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May 2019

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Method for Assessing Virulence of Colletotrichum higginsianum on Arabidopsis thaliana Leaves Using Automated Lesion Area Detection and Measurement    

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The plant pathogenic fungus, Colletotrichum higginsianum is widely used to understand infection mechanisms, as it infects the model plant Arabidopsis thaliana. To determine the virulence of C. higginsianum, several methods have been developed, such as disease reaction scoring, lesion measurement, entry rate assays, and relative fungal biomass assays using real-time quantitative PCR. Although many studies have taken advantage of these methods, they have shortcomings in terms of objectivity, time, or cost. Here, we show a lesion area detection method applying ImageJ color thresholds to images of A. thaliana leaves infected by C. higginsianum. This method can automatically detect multiple lesions in a short time without the requirement for special equipment and measures lesion areas in a standardized way. This high throughput technique will aid better understanding of plant immunity and pathogenicity and contribute to reproducibility of assays.

Keywords: Colletotrichum higginsianum, Fungal phytopathogen, Arabidopsis thaliana, Infection assay, ImageJ


Colletotrichum fungi cause anthracnose disease in a broad range of plants, including important crops, and have a serious economic impact (Cannon et al., 2012). Among Colletotrichum species, C. higginsianum infects Brassicaceae plants, including the model plant Arabidopsis thaliana (O’Connell et al., 2004). Thus, this pathogen has been used for various studies that have revealed molecular mechanisms of plant immunity and pathogenicity (Birker et al., 2009; Narusaka et al., 2009; Kleemann et al., 2012; Takahara et al., 2016; Plaumann et al., 2018). Moreover, recently released high-quality genome assemblies of C. higginsianum provide genomic resources that should increase the use of this fungus in functional studies by facilitating the identification of candidate genes of interest (Zampounis et al., 2016; Tsushima et al., 2019). In order to determine the virulence of C. higginsianum, initial studies employed disease reaction scores based on visual observation and subjective judgement (O’Connell et al., 2004; Narusaka et al., 2004). The necessity for more objective approaches has led to the development of alternative methods including lesion diameter measurement, entry rate assays, and measurement of relative fungal biomass using real-time quantitative PCR (Narusaka et al., 2010; Hiruma and Saijo, 2016). These methods are commonly employed in studies using C. higginsianum, yet they have disadvantages, such as the variability of lesion shapes leading to differences in measured values between observers, time-consuming steps, or the economic burden of purchasing reagents. ImageJ has been used as an open source tool for the analysis of scientific images (Schneider et al., 2012). In the field of plant pathology, many studies have utilized ImageJ to analyze pathogenicity or resistance, for instance by measuring lesion sizes (Dagdas et al., 2016; Kumakura et al., 2019). However, these procedures can be further automated. Therefore, we developed an objective, automated, and affordable method to detect and measure lesion areas from images of A. thaliana leaves infected by C. higginsianum using ImageJ. In this article, we describe how to perform infection assays to study the A. thaliana-C. higginsianum interaction and how to detect and measure lesions using ImageJ macros to record multiple lesion areas at one time. This method enables us to reproducibly perform infection assays with the A. thaliana-C. higginsianum pathosystem and may be adapted to other pathosystems. For example, ImageJ color thresholds were also used to measure lesion areas on C. shisoi-infected A. thaliana (Gan et al., 2019). This protocol will allow us to perform objective and high throughput analyses to gain further insights into plant-microbe interactions.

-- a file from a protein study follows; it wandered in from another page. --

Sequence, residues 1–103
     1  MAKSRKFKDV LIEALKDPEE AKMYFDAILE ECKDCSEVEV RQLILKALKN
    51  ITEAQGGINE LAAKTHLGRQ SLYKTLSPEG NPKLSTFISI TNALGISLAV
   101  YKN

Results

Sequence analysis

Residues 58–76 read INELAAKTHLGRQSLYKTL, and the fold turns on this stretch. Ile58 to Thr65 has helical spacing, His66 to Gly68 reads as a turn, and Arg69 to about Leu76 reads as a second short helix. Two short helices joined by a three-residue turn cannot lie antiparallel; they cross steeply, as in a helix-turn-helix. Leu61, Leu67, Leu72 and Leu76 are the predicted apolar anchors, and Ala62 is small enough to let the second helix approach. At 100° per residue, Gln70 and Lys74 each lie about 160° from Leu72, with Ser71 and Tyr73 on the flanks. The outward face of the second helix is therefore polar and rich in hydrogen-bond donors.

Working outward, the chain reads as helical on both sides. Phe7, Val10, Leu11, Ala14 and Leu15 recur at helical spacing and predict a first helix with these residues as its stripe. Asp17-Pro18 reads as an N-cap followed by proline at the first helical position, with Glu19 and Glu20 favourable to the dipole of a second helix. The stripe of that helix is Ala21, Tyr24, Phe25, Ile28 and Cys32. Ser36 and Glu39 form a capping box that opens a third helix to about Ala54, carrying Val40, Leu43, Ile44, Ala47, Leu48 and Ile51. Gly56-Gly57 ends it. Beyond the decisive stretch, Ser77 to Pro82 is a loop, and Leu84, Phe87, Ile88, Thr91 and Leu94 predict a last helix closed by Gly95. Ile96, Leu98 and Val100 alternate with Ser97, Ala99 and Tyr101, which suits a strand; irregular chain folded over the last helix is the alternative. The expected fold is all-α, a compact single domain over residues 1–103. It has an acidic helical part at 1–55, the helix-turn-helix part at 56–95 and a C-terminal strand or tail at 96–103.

Materials and Reagents

  1. 50 ml conical tube (e.g., Falcon 50 ml Conical Centrifuge Tubes, Corning Inc., catalog number: 352070)